Wednesday, November 26

The Numbers Behind the Big 12 South

I posted earlier about what should happen in the Big 12 South - with as much objectivity as is possible, Texas or Oklahoma should represent the division in the conference championship game and one of these two teams should represent the conference in the BCS Championship game if at least one of them finishes with just one loss. Which of those two teams is more deserving is largely a matter of personal opinion.

Now the question is what will happen?

To avoid too many possibly outcomes, I am going to assume that Texas and Texas Tech win their games this week, in which both schools are favored by more than 4 TDs.

If Oklahoma beats Oklahoma State
* The 3-way tie is between Oklahoma, Texas, and Texas Tech. The tiebreaker is BCS ranking, which means it is a contest of whether Texas' lead in the computers can outweigh Oklahoma's lead on the ballots. We don't typically see huge movements at the top when all teams win unless something really wild happens (say, UF/FSU going to overtime while OU wins by 70), so the current ballot margins will likely remain about the same. Oklahoma is +.076 in the Harris over Texas and +0.275 in the ESPN/USA. This means Texas would need to be +0.351 in the computer average - ie, ahead by a cumulative 4 spots after the high and low are thrown out. What this means is that the Texas magic number is one - if Texas is on average one full ranking ahead of OU in the computer average, they go to the conference championship. Currently, Texas leads Oklahoma in four of the six computer polls.

Anderson: Texas #3, Oklahoma #4
*** Defeating #2 Texas Tech (.815) moved Oklahoma from a .768 rating to a .786. Oklahoma State is currently #14 at .706. Texas is currently rated .803. Utah is sitting at .805 and their season is over, so Texas would likely pass the Utes. I am going to predict that the Texas lead holds in Anderson, Texas +2.
Billingsley: Oklahoma #2, Texas #3.
*** Texas won't fall below #3 in one week, thanks to USC not playing UCLA just yet. Could Oklahoma hop to #1 over Alabama? It's possible, but I'd say unlikely. Oklahoma +1, maybe +2.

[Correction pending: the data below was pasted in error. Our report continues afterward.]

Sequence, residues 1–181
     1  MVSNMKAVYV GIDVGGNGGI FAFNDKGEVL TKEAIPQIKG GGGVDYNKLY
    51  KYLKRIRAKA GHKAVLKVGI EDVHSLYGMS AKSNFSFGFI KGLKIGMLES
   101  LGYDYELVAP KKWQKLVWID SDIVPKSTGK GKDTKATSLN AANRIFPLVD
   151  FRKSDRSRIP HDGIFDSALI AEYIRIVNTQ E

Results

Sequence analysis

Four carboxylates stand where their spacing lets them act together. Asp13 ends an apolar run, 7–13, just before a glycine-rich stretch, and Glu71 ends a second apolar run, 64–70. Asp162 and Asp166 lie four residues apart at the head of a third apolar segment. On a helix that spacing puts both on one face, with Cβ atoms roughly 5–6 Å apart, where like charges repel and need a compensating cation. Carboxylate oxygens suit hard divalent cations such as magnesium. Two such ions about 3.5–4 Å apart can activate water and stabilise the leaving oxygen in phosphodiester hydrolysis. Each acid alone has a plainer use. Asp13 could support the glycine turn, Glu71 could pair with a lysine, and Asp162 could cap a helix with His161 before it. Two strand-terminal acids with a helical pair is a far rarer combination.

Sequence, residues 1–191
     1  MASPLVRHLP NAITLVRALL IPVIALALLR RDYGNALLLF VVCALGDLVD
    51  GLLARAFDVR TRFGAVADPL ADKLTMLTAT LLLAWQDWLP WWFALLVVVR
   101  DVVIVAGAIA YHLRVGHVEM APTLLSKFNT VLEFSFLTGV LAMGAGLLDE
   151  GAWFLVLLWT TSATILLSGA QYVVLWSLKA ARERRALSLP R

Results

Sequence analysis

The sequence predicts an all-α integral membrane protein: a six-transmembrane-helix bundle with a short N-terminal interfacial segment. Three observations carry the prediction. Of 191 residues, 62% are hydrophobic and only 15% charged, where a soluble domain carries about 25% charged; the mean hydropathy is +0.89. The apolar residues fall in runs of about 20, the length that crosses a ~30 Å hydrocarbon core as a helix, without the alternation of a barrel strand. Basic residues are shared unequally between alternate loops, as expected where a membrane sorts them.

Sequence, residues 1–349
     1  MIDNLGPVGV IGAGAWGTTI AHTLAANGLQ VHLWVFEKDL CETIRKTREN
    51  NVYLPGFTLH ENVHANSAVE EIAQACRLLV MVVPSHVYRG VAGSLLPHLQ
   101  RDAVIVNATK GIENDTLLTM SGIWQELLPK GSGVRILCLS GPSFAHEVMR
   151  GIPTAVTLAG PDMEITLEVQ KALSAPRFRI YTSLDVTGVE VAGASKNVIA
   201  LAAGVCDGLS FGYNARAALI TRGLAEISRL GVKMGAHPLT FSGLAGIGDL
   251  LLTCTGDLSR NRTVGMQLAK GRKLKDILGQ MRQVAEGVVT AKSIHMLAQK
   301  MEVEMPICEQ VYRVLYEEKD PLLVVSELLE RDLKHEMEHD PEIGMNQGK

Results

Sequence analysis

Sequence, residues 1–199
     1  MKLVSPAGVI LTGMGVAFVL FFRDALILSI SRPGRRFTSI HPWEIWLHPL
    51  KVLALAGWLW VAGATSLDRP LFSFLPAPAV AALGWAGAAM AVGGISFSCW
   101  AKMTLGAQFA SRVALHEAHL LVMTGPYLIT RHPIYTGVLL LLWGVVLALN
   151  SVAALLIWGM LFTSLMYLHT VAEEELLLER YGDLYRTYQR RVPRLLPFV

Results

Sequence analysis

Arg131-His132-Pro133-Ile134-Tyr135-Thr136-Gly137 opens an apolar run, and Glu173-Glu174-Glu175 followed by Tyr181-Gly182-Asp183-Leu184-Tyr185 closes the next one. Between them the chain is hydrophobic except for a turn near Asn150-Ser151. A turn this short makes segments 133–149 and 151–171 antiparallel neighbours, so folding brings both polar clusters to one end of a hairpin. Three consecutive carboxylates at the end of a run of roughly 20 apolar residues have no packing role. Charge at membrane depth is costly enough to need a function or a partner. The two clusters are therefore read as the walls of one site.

Colley: Texas #1, Oklahoma #5
*** Colley's allows us to plug in results. Using Texas > A&M, OU> OSU, Alabama > Auburn, Florida > FSU, we get: Texas #1, Oklahoma #3. Texas +2.
Massey: Oklahoma #1, Texas #2
*** This seems likely to hold, as Alabama is a bit far below Texas to make the jump based on beating Auburn. Oklahoma +1.
Sagarin: Texas #1, Oklahoma #4
*** Texas has a wide margin here, but #2-4 are very close. Expect Texas #1, Oklahoma #2. Texas +1.
Wolfe: Texas #2, Oklahoma #4.
*** Alabama and Texas are well ahead of the pack. Texas Tech and Oklahoma are practically tied, so expect Texas #2, Oklahoma #3. Texas +1.

This is so close. I'm going to assume Oklahoma finishes #2 in Billingsley's, above #3 Texas. Then the scores are:
Oklahoma: 4, 2, 3, 1, 2, 3 = 2.5 truncated average.
Texas: 2, 3, 1, 2, 1, 2 = 1.5 truncated average.

This gives Texas exactly enough to stay ahead of the Sooners. Note that if the gap in Anderson is Texas +1, the gap in Billingsley is Oklahoma +2, or if Sag or Wolfe flip, that would give the Sooners the edge. While it seems like Texas needs everything to go right in order to avoid this outcome, the hidden factor is that any boost to Oklahoma's rating is going to slightly boost Texas' rating as a result of their head-to-head. (Billingsley might not do this, amazingly, but Billingsley is also not a poll where that is likely to matter as the real question is how he ranks Oklahoma relative to Alabama.)